I find when I try and read a Hub from my iPhone, it won't load. I wonder if that is because the Hub is too long, or has too many photos.
I give up until I can get to my computer.
Seems I read (or maybe dreamed) our Hubs should be shorter to be easier to load from a mobile phone.
Any thoughts on this??
Not sure on this, Mary. I have an android and have no trouble reading hubs on it, although I don't do it often.
The rule of thumb (according to the check box to the right of each hub when in edit mode) is 1,250 words and at least three photos. HP is optimized for mobile devices. When you read the hubs on your computer do you notice anything unusual about them?
I don't have trouble viewing hubs on my phone. All the imagery seems to come up fine too. The only issues I have with reading a hub and commenting on a hub via my phone is that my phone doesn't show up the thumbs up or any sharing buttons? I have asked about this but no one seems to know why I can't share via my phone. I can vote awesome, etc., though. I do know that you have to set your phone to view as the website looks and I forget how to do that ...maybe someone else can inform you.
We recommend that you shoot for the 1,500 to 2,500 word range when writing Hubs. There are not any HubPages issues that I'm aware of that would cause any difficulty with viewing your Hubs on your phone, and I can confirm that they load without problems when I view them on mine.
If you are located near a weak wireless signal, the download time may take longer. Which wireless network you use also matters.
In the fairly recent past there was a post on here in which the whole smart-phone was mentioned. At the time I wrote my "thoughts" on it, but then I decided the post would be too long (and maybe I'd polish it up and do something else with it).
Since you've raised the smart-phone issue again, I thought I'd dig up that reply I wrote for the other thread. I suppose one reason I held off posting was that (believe me, based on the state-of-affairs that my own account is in at this point, I'm really not someone who other Hubbers should be listening to) in view of the fact that my aims/ideas about "quality" are mine, and HP's ideas about a "quality Hub that will do well" are a whole other thing; I didn't think my thoughts on the whole smart-phone thing necessarily applied.
Anyway, since your post kind of backs up what I said in that thing I didn't post on here, I decided, maybe, those "thoughts" had a place in discussion about smart phones after all.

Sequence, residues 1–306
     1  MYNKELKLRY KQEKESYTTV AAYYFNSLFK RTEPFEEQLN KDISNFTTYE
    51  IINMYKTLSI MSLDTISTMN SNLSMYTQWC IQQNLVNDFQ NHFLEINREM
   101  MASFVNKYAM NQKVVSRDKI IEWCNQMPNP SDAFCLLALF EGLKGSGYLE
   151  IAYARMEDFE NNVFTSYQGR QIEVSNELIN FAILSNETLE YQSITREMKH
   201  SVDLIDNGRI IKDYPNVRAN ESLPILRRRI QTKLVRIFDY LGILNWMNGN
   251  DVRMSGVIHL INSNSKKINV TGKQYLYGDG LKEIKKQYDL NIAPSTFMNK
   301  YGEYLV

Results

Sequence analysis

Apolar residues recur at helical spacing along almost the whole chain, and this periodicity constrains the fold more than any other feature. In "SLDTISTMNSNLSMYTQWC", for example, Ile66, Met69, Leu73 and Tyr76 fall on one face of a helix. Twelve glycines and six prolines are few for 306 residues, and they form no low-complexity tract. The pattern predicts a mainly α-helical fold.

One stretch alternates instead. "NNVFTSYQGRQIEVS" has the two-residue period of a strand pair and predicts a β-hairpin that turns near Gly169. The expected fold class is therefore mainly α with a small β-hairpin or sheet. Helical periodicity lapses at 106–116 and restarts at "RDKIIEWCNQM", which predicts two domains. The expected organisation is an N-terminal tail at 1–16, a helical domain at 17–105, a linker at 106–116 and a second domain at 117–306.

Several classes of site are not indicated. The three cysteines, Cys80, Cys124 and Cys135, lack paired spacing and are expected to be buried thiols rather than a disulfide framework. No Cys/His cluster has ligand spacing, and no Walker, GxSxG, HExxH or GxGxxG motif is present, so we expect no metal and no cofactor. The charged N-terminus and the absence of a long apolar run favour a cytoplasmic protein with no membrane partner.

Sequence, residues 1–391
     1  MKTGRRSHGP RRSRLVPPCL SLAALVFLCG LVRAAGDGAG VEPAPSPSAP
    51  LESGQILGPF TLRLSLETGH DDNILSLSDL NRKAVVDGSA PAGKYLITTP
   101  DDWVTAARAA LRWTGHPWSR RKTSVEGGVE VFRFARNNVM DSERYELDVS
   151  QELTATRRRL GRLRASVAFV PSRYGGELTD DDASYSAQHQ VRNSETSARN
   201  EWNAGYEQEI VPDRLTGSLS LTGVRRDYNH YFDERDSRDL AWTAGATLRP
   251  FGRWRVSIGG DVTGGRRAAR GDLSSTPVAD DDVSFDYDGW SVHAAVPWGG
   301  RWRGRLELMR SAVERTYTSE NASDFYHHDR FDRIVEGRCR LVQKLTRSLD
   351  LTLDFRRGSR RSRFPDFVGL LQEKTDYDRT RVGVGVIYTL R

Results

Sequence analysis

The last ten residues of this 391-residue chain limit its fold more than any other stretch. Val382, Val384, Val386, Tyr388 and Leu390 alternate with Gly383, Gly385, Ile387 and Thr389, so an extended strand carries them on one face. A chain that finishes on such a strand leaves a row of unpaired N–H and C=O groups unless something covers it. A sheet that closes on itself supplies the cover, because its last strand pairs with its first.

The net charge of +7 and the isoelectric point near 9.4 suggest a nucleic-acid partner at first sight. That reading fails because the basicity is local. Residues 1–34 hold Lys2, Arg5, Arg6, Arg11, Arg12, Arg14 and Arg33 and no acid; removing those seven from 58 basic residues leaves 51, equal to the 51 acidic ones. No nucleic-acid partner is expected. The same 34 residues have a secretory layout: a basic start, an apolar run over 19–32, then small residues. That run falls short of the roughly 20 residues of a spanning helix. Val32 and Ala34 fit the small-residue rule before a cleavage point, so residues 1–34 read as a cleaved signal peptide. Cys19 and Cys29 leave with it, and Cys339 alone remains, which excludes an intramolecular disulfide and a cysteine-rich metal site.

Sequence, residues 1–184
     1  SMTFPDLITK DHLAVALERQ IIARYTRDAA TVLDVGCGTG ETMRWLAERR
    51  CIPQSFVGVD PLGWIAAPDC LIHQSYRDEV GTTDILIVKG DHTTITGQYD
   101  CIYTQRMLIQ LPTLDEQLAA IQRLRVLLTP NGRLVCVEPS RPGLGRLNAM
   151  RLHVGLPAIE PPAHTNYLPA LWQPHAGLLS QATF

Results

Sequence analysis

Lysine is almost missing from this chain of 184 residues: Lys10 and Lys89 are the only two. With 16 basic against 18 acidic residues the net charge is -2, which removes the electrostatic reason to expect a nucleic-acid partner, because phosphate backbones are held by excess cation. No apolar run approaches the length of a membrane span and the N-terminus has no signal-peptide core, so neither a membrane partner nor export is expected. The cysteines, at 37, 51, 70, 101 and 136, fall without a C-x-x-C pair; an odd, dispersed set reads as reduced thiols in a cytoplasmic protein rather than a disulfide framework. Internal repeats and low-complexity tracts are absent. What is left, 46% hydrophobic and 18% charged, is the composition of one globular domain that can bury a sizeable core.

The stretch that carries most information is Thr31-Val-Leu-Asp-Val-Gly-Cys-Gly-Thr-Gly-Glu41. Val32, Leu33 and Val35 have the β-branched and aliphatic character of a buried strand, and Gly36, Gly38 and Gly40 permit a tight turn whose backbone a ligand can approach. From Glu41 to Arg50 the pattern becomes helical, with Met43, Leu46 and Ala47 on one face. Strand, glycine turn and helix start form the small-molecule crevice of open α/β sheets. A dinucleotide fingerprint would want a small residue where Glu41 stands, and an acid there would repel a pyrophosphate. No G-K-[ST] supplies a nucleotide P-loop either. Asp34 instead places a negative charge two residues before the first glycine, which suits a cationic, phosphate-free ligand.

It kind of surprises me that so many people still kind of seem to think that one size fits all rules about what works/doesn't work well still apply. Just as a potential searcher, myself, if I'm out somewhere and searching for something I'm not going to use my smart phone for anything that will involve reading. I may have another device with me for reading, or may not). Either way, I don't use my phone for looking for anything but something like, for example, a train schedule or menu for a restaurant. Depending on the situation, I may look for something that will involve more reading on, say, a Kindle Fire (which lets people set their device to whatever reading settings (etc.) they want; so basically, that kind of "mobile" isn't a tiny smart phone screen. (Besides, there's most often turning devices sideways to get a wider screen or leaving them "vertical" if that works better.)
OR, if I'm home I may be using a desktop or other computer, or - again, - other device that is not a smart phone. I wouldn't think too many other people don't have some similar version of how they approach searching. (Kids/students most often have devices beyond just whatever phone they have. I think most people do. When it comes down to it, however, if I had only one device and that was a smart phone; and I seriously wanted to search for something that would require reading, I wouldn't be "above" that either After all, it would be that or nothing. And, BTW, if I was searching for something that would more substantial material/reading, if I searched on my smart phone I wouldn't want space taken up with unnecessary images or "frittery". Instead, I'd just want clear, well spaced, paragraphs and mostly the words (or a limited few images if it were really necessary). The size of the font/type can always be adjusted on mobile devices; but if the mobile device I absolutely had to use was a smart phone I'd truly not want unnecessary images and other stuff.)
So to me, I just see the thing about "smart phone talk" related to, say, Hubs as either not entirely/always applicable at this stage in the "all-changes-since-Panda" game; or else as kind of having a discussion about (even if not necessarily comparing) apples-and-oranges. In other words, I don't think the person who has fewer well developed and longer Hubs has to worry about who will be searching for that KIND of Hub/information on a smart phone (for the most part). I'd think, depending on how searchable/search-friendly the particular subject and type of Hub is, the existence of, and reliance on smart phones these days, might have far less impact than so many people seem to automatically assume (again, with regard to the longer, well developed, informative, searchable Hub).